Everything you need to know to understand the Supreme Court's decision in Anderson v. Trump

The Supreme Court has to decide whether Donald Trump can be removed from state ballots, but the complexities of the case need a lot of explanation.
U.S. Supreme Court Hears Arguments On 14th Amendment And Trump
U.S. Supreme Court Hears Arguments On 14th Amendment And Trump / Julia Nikhinson/GettyImages
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What will this mean for the future?

The legal system relies on the use of precedent to make decisions, and this decision is going to have a huge impact on the future, however it ends. Both sides of the trial have agreed that a decision should come as soon as possible, so there isn't any uncertainty after the 2024 election has already passed.

As Professor Melone explains, "If Colorado wins the case before the US Supreme Court, it will likely be very significant. If Colorado should fail, it would become only a footnote to history." This is because a rejection of Colorado's perspective would theoretically return the political sphere to its previous state.

However, this may be complicated by how many ambiguities must be addressed. According to Justice Sotomayor, there are different questions at play around whether states can enforce the Insurrection Clause against state officials, federal officials, and the president. So, if the Supreme Court finds that states do not have this authority over the President, there is still the opportunity to enforce it against other offices.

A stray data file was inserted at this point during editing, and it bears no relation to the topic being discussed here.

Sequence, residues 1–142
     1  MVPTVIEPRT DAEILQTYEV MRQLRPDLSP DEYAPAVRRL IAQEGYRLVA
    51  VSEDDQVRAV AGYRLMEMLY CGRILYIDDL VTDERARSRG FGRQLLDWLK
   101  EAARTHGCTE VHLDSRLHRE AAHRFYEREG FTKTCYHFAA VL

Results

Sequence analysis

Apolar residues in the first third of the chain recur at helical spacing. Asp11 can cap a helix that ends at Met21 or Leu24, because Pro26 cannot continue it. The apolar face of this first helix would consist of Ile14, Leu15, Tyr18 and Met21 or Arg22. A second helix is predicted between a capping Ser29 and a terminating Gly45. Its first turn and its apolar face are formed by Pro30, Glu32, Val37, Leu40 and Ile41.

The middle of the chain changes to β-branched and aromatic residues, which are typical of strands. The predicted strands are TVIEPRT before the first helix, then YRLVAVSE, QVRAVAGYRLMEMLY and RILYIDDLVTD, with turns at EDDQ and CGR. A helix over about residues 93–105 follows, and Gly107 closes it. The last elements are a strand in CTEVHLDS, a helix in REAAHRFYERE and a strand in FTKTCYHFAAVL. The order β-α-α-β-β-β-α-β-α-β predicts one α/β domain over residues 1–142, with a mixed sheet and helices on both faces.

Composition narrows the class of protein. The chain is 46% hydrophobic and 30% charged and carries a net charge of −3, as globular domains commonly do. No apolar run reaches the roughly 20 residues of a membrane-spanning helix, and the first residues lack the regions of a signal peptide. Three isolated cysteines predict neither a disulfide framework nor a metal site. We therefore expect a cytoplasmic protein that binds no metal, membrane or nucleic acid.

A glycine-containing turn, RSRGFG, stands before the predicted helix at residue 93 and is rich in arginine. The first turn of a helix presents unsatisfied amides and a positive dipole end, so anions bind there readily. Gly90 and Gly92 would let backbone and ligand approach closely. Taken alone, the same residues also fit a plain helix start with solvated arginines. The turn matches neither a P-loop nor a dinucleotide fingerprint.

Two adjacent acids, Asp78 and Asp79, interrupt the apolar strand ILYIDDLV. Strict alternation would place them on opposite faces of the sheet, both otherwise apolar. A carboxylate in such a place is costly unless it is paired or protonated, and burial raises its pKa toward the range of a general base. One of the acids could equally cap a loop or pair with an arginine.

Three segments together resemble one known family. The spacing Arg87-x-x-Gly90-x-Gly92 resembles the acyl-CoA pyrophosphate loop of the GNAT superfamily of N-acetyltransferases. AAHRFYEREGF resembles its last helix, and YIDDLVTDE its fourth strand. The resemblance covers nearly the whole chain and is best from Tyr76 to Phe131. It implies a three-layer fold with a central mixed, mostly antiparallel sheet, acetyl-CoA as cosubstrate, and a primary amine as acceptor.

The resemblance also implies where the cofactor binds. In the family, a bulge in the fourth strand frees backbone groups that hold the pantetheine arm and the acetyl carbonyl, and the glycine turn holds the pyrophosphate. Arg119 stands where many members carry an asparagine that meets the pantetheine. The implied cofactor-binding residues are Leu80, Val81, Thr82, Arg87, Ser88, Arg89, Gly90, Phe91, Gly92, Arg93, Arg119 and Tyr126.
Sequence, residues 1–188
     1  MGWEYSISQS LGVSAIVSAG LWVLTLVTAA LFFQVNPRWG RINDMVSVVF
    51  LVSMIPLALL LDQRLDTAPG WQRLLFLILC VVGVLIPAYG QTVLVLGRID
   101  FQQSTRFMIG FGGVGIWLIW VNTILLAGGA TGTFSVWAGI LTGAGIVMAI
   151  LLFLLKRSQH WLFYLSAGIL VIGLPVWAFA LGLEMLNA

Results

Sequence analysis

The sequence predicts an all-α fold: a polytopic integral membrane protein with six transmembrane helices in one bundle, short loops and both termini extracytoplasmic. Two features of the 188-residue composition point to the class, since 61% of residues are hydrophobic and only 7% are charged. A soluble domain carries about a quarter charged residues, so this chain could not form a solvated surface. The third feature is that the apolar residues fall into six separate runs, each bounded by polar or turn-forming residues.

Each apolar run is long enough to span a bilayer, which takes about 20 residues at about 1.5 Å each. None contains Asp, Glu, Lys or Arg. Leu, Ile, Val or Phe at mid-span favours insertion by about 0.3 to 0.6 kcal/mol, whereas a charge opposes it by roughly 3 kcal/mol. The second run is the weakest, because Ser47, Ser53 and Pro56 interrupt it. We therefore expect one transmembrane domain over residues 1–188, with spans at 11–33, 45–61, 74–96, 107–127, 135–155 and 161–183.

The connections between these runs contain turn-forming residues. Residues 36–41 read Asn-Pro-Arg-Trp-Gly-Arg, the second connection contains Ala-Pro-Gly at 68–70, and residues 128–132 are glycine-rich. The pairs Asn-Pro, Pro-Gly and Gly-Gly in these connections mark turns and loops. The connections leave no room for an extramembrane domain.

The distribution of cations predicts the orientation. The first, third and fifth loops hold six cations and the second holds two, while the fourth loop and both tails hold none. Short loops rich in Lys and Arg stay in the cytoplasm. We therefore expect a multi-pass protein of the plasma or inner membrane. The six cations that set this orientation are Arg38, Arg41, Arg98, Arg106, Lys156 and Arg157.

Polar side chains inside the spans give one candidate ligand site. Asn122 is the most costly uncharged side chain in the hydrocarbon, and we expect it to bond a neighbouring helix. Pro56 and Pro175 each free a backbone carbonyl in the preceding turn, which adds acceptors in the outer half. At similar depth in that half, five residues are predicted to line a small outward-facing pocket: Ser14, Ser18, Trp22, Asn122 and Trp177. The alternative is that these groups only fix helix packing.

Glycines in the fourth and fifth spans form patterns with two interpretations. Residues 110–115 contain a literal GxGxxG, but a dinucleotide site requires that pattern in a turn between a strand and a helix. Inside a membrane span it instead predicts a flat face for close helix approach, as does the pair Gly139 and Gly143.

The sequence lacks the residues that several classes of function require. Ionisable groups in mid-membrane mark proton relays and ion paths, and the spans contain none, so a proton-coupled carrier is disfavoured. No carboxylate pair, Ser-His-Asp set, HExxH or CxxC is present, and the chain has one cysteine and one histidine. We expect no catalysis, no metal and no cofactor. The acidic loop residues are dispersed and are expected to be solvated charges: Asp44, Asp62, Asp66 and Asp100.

Furthermore, if the Supreme Court does find that Donald Trump can be removed from the ballot, there is a well-defined way to stop it. The 14th Amendment mandates that a 2/3 majority of both houses of Congress can clear Donald Trump (and anyone else accused of insurrection) of impediments to holding office. This would be very difficult to do in such a politically divided time, but it is not impossible. If Congress effectively pardons Donald Trump, all of these questions will be moot.

This case is going to clear up many ambiguities in the 14th Amendment, but that is unlikely to be the end of the case altogether. Clarity just gives both sides more guidance in how to proceed if they want to block a person from holding office based on the 14th Amendment again.

Critical Sources/Further Reading

Denver District Court's Final Order

Colorado Supreme Court Opinion

Transcript of February 8th's arguments before the Supreme Court

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